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Rachel Basulto Balido
Criticism of a theory is imperative in understanding its concepts and rules, and its overall usefulness. For instance, the criticism of efficacy theory can help to establish how it impacts people and nursing as a whole. This paper examines the internal and external criticism of the theory of self-efficacy.
Self-efficacy is a theory that helps to understand how people manage their nutrition, illness, and health challenges. Self-efficacy is termed by Brando-Garrido et al. (2020) as a personal sense of belief in the ability to accomplish a given objective or have control over personal motivation on a given issue. A good example is the deep belief of chronically ill patients in their ability to overcome their condition and regain full control of their lives. In the internal critique, the focus should center on examining how preconceptions are associated with the theory. Based on the concepts of internal analysis, self-efficacy is dependable on the patients or the clients because it can help to foster internal motivation to embrace change. The theory is based on the understating that the brain is a powerful organ that can help in promoting behavior change. Personal perception is the basis of the theory, whereby positive perception is associated with positive behavior among patients or clients. Özcan & Kültür (2021) state that self-efficacy is achieved through mastery experiences, vicarious experiences, and the emotional position of the patients. Mastery experience is the skills gained through practice, while vicarious experience is influenced by mentorship.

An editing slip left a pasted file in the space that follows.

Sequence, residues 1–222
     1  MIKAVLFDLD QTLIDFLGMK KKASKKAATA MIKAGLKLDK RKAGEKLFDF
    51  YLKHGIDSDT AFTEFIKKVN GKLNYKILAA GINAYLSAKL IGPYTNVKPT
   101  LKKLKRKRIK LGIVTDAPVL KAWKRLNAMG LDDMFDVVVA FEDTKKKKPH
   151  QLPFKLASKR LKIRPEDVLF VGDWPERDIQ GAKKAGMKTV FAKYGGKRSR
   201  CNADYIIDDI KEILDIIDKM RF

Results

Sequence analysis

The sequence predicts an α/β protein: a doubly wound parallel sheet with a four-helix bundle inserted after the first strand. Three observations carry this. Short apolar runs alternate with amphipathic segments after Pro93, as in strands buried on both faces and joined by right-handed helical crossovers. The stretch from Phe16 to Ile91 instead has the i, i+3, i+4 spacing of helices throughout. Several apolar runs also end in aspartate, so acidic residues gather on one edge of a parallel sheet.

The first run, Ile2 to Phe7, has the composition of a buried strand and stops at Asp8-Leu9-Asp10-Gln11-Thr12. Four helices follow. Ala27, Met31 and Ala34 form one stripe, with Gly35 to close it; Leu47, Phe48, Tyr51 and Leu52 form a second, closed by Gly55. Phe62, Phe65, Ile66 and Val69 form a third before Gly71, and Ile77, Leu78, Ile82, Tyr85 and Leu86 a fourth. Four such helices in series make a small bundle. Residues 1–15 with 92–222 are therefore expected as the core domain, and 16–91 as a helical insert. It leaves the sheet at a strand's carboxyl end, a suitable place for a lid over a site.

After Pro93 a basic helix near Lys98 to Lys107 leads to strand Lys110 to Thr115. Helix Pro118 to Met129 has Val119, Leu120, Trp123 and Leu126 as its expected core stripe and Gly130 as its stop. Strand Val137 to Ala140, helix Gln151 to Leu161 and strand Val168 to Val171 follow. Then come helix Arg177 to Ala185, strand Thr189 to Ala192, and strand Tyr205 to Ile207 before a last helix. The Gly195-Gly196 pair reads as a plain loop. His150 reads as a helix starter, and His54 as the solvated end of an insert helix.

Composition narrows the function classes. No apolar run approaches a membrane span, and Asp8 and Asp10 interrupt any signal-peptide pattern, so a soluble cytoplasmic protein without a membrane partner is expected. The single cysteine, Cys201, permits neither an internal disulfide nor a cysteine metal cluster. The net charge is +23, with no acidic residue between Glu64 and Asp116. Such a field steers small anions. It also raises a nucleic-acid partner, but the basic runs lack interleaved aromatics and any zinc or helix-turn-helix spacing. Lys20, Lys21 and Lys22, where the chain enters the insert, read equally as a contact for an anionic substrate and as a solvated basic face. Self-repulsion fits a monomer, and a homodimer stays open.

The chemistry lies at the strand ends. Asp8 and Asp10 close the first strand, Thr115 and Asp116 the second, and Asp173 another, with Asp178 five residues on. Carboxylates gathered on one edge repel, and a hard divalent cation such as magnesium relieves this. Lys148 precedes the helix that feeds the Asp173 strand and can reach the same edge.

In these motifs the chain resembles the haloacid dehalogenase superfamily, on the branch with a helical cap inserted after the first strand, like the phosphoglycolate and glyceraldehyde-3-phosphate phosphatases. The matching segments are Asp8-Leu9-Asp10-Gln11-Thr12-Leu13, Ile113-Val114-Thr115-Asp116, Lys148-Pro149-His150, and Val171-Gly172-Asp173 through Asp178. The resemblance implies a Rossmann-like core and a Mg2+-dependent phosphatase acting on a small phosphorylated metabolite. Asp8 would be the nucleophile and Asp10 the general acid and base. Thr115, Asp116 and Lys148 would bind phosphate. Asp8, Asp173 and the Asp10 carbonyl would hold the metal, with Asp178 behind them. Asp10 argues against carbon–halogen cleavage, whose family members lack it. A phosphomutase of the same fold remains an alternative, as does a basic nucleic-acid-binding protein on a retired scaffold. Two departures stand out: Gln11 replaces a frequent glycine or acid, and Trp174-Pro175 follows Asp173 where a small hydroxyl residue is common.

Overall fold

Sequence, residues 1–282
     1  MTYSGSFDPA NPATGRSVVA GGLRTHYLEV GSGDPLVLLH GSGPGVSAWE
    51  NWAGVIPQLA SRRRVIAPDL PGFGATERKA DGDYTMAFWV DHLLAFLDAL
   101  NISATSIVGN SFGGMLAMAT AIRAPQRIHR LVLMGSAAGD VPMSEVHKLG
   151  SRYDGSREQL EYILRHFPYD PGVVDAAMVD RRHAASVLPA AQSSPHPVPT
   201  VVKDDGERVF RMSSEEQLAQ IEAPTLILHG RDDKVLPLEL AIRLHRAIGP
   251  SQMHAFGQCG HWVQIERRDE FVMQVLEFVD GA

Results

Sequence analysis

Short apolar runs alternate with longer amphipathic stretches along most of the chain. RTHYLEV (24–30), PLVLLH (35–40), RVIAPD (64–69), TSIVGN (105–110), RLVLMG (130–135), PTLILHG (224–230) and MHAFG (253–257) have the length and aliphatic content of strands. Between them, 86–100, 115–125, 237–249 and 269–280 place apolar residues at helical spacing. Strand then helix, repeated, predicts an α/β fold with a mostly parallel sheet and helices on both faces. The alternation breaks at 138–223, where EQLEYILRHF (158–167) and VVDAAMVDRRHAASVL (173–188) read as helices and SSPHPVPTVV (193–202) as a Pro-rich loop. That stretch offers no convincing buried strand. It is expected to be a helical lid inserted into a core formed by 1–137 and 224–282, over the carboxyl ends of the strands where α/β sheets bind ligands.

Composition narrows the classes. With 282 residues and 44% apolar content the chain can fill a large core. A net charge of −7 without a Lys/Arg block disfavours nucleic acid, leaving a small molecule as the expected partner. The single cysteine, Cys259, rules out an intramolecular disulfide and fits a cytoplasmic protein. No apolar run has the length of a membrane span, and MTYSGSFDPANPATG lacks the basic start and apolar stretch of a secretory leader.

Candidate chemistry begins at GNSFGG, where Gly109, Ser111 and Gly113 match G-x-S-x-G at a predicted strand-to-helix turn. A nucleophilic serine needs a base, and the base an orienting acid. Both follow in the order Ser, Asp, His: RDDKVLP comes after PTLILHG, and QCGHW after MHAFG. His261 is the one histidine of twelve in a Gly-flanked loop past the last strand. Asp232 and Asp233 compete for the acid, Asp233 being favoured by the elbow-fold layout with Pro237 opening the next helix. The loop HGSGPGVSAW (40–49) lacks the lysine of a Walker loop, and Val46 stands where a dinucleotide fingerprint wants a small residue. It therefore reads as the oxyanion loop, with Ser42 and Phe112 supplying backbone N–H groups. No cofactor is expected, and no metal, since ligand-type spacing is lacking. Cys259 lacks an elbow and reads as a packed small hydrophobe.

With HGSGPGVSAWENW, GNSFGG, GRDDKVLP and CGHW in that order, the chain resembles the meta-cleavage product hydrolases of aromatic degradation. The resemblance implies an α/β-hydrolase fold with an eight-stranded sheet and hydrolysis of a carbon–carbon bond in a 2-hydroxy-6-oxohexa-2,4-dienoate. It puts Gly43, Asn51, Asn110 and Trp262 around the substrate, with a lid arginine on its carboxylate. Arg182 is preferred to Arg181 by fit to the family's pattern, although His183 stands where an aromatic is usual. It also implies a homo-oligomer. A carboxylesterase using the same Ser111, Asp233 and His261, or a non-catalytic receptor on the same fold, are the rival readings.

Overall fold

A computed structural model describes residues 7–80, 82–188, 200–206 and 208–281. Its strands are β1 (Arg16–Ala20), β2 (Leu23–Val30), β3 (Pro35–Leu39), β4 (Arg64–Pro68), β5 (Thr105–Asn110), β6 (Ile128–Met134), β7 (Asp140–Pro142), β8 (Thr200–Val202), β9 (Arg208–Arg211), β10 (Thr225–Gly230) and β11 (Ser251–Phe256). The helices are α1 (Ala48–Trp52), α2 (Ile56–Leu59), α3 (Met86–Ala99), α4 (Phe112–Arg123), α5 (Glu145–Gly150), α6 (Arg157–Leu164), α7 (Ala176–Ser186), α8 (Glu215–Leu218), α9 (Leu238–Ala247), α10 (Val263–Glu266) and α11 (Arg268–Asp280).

With respect to the external critique of theory, the focus is on its relevance to health, people, and nursing. Özcan, B., & Kültür, Y. Z. (2021) points out that self-efficacy theory can help people to change their minds and counter negative behaviors. Self-efficacy was coined by an American psychologist, Albert Bandura (1977), to help in understanding an effective approach to behavior change. This theory can form the basis for motivating clients or patients to tap into their internal potential and make the right behavioral changes. In nursing, efficacy theory is used to foster self-care, self-regulation, and self-management to promote the better physical and psychological well-being of patients. No et al. (2019) argue that self-efficacy is an effective approach for encouraging older patients in nursing homes to state the right state of their mind and body. Through motivation, persuasion, and emotional support, patients can develop a sense of belief to overcome their health challenges.
The internal and external critique of self-efficacy theory shows its effectiveness and usefulness in achieving the intended objectives. With regard to internal critique, the fundamental principle of the theory is that the motivation of the mind leads to behavior change. On the other hand, external critique shows that self-efficacy is applicable in addressing health and nursing problems.
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Özcan, B., & Kültür, Y. Z. (2021). The relationship between sources of mathematics self-efficacy and mathematics test and course achievement in high school seniors.